Teen dating information
Unhealthy relationships can start early and last a lifetime.Teens often think some behaviors, like teasing and name-calling, are a “normal” part of a relationship.The 2015 National Youth Risk Behavior Survey [2.77MB,180Pages, 508] found that nearly 12% of high school females reported physical violence and nearly 16% reported sexual violence from a dating partner in the 12 months* before they were surveyed. As teens develop emotionally, they are heavily influenced by experiences in their relationships.For high school males, more than 7% reported physical violence and about 5% reported sexual violence from a dating partner. Healthy relationship behaviors can have a positive effect on a teen’s emotional development.If any of these scenarios sound familiar, you may want to consider telling someone you trust or contacting one of the helplines listed at the bottom of this guide.Teen Dating Violence is a serious problem; if you think you’re being abused know that you don’t deserve it and there are people who can help.Verbal, physical, and sexual violence are common in teen relationships, but no one deserves to be treated poorly and there are ways to get help.This guide includes some information about what behaviors are considered abusive during a relationship.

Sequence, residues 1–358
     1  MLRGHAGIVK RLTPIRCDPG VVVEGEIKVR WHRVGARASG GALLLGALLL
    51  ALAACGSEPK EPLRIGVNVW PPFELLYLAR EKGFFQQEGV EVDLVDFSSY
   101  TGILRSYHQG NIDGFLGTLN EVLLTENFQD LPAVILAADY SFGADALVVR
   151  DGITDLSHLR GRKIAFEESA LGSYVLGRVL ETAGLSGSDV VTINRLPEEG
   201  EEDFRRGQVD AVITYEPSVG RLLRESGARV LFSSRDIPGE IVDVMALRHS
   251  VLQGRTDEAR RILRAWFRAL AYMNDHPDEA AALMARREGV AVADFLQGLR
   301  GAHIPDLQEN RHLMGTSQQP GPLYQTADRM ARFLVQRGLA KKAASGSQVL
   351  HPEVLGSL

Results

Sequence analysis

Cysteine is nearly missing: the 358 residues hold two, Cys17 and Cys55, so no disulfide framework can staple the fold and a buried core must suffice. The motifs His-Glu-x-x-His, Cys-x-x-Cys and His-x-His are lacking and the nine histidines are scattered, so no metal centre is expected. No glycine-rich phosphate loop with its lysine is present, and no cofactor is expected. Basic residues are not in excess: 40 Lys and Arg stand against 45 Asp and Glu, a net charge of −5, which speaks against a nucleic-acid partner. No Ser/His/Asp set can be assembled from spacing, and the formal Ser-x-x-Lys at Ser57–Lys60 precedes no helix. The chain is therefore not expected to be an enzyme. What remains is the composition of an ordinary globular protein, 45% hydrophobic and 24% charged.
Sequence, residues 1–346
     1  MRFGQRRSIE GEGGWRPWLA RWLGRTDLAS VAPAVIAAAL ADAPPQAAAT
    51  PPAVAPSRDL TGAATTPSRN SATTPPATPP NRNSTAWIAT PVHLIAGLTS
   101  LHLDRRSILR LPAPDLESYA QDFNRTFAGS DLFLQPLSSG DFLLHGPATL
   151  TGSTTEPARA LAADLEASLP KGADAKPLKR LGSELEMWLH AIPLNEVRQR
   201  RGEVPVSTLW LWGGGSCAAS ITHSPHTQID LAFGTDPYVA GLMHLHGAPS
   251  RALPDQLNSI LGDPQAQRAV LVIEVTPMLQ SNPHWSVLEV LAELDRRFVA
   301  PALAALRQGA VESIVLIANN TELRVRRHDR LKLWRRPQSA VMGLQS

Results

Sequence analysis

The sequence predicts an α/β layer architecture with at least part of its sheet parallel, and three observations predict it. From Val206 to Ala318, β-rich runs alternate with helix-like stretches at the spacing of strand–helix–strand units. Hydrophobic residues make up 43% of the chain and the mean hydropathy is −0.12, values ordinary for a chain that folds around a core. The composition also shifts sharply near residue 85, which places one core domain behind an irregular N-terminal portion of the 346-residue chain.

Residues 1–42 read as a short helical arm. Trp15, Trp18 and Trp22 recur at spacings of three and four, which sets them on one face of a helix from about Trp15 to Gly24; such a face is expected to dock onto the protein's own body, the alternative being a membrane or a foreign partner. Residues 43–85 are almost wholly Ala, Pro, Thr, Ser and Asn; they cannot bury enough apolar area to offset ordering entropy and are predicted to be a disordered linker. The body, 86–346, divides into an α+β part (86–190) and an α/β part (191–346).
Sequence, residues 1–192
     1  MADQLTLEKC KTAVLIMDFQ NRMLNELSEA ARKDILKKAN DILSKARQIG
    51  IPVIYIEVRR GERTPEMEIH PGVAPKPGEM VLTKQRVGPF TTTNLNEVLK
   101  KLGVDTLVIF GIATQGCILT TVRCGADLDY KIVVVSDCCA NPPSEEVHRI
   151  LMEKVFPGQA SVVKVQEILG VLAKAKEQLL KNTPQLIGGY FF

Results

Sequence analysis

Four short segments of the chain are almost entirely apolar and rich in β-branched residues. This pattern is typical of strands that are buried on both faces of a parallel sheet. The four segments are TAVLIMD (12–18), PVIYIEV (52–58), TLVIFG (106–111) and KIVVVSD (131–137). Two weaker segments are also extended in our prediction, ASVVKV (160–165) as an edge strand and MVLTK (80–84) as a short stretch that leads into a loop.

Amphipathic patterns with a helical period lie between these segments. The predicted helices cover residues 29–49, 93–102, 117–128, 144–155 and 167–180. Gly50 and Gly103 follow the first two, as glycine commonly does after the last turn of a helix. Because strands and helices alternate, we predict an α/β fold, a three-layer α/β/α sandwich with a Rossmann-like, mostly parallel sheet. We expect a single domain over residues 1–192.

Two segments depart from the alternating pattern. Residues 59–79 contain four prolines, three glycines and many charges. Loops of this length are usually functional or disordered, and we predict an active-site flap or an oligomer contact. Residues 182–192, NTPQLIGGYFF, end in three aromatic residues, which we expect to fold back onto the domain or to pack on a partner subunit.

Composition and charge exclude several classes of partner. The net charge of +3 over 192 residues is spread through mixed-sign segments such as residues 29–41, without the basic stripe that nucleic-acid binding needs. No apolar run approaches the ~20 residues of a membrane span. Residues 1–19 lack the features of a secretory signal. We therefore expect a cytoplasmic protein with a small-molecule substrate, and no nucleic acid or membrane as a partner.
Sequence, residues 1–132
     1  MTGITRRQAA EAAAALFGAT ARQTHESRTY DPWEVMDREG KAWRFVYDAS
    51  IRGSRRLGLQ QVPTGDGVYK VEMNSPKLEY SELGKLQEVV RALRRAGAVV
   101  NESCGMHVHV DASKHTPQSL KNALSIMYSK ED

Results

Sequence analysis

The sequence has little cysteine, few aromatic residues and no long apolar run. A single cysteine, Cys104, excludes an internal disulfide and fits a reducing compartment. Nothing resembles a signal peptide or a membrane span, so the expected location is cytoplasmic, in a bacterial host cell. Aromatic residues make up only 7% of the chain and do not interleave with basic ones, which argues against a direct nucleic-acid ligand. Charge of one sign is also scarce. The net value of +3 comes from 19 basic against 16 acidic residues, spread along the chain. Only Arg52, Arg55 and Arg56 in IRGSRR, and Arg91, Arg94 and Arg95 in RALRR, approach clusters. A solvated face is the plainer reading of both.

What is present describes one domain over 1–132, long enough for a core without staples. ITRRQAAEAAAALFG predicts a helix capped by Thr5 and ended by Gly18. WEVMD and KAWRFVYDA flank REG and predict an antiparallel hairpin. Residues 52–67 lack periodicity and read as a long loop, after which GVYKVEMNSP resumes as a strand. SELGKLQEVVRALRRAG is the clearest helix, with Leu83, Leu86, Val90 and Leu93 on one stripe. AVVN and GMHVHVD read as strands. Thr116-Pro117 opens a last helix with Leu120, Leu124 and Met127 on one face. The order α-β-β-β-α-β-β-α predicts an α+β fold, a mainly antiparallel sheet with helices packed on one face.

Teen dating violence [187KB, 2Pages, 508] is defined as the physical, sexual, psychological, or emotional aggression within a dating relationship, including stalking.Help bring prevention programs into your community.You can help educate educators about the importance of this issue by introducing your local school administrators to the Respect WORKS! Online courses provide key info on bullying, dating violence Two interactive distance-learning courses, Bullying 101 and Teen Dating Violence 101, provide key information about bullying, cyber bullying, and dating violence and explain how to create safe, healthy environments and relationships.Dating violence can be prevented when teens, families, organizations, and communities work together to implement effective prevention strategies.(pdf) If your boyfriend or girlfriend is making you feel uncomfortable or doing things that don’t feel okay, you are not alone.
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Teens receive messages about how to behave in relationships from peers, adults, and the media.